For the first 300 years of its colonial life, Cuba remained as a less important part of the Spanish empire when compared with Mexico and Peru. Cuba had little mineral wealth and Spaniards searching for gold and silver concentrated on the mainland colonies. Cuban society developed slowly and the island was primarily a supply naval base for Spanish fleets transporting metals from Mexico and Perú.
Several factors converged in the late eighteenth century to bring Cuba into world affairs and to give sugar a major boost. In 1762-63 the British occupied Cuba. Oppressive Spanish trade restrictions were lifted and Cuba was thrown open to trade with England and its North American colonies. Following the occupation, Spain relaxed its restrictive trade policies and allowed Cubans to trade with its neighbors to the North.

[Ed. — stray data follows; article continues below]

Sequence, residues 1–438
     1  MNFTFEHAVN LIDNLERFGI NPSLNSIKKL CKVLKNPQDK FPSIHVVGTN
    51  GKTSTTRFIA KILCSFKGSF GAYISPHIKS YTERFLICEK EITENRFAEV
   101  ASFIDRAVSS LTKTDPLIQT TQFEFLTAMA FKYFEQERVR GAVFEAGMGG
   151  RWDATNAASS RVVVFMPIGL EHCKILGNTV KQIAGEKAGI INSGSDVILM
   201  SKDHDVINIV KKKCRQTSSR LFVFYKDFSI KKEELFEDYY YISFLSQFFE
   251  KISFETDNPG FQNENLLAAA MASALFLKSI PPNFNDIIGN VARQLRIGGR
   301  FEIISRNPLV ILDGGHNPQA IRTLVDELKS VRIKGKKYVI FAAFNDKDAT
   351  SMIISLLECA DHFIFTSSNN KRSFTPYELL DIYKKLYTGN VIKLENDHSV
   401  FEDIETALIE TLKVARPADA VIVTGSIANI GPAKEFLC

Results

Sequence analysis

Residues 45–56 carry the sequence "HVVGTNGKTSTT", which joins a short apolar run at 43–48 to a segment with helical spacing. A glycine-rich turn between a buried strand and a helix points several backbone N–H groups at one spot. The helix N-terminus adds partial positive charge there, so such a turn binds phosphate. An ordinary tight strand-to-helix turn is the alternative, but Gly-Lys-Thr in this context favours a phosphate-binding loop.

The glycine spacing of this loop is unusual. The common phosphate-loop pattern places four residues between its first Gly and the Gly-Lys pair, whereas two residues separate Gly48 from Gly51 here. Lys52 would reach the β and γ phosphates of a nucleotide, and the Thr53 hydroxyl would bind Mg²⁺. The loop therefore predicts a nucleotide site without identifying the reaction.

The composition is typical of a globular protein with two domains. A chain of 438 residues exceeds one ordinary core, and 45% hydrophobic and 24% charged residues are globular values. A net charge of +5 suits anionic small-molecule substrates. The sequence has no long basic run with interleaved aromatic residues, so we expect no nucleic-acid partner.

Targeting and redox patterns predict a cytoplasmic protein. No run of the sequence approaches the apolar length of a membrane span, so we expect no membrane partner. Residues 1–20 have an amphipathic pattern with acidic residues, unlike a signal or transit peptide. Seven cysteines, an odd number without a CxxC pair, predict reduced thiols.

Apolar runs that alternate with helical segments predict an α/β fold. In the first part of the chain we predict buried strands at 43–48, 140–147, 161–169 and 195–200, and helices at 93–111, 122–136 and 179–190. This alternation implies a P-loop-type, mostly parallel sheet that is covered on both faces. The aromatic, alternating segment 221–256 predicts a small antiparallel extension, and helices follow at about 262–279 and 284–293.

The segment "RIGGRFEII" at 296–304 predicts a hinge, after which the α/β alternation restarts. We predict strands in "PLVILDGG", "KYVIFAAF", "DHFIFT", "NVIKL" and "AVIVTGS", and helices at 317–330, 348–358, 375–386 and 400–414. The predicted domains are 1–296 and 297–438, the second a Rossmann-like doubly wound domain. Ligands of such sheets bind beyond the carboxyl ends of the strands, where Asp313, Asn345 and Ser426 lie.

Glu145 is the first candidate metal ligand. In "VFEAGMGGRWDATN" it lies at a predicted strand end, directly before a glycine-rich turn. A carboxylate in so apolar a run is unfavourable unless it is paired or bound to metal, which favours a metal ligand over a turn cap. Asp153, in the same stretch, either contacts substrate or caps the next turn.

The occupation gave Cuba an initial economic impulse. When the slave uprising and the destruction of the sugar properties in neighboring Haiti in the 1790s, Cuba was ready to become the sugar bowl of the Caribbean and replace Haiti as the supplier of sugar to Europe. Thousands of slaves were imported to work the sugar plantations. Throughout the 19th century sugar as well as coffee and tobacco became increasingly important. Large cattle estates were subdivided. The Spanish Crown also aided the development of sugar. In 1795 Cuba had 478 sugar mills. By 1860, it is estimated that there were over 900 steam sugar mills producing over 500,000 tons of sugar.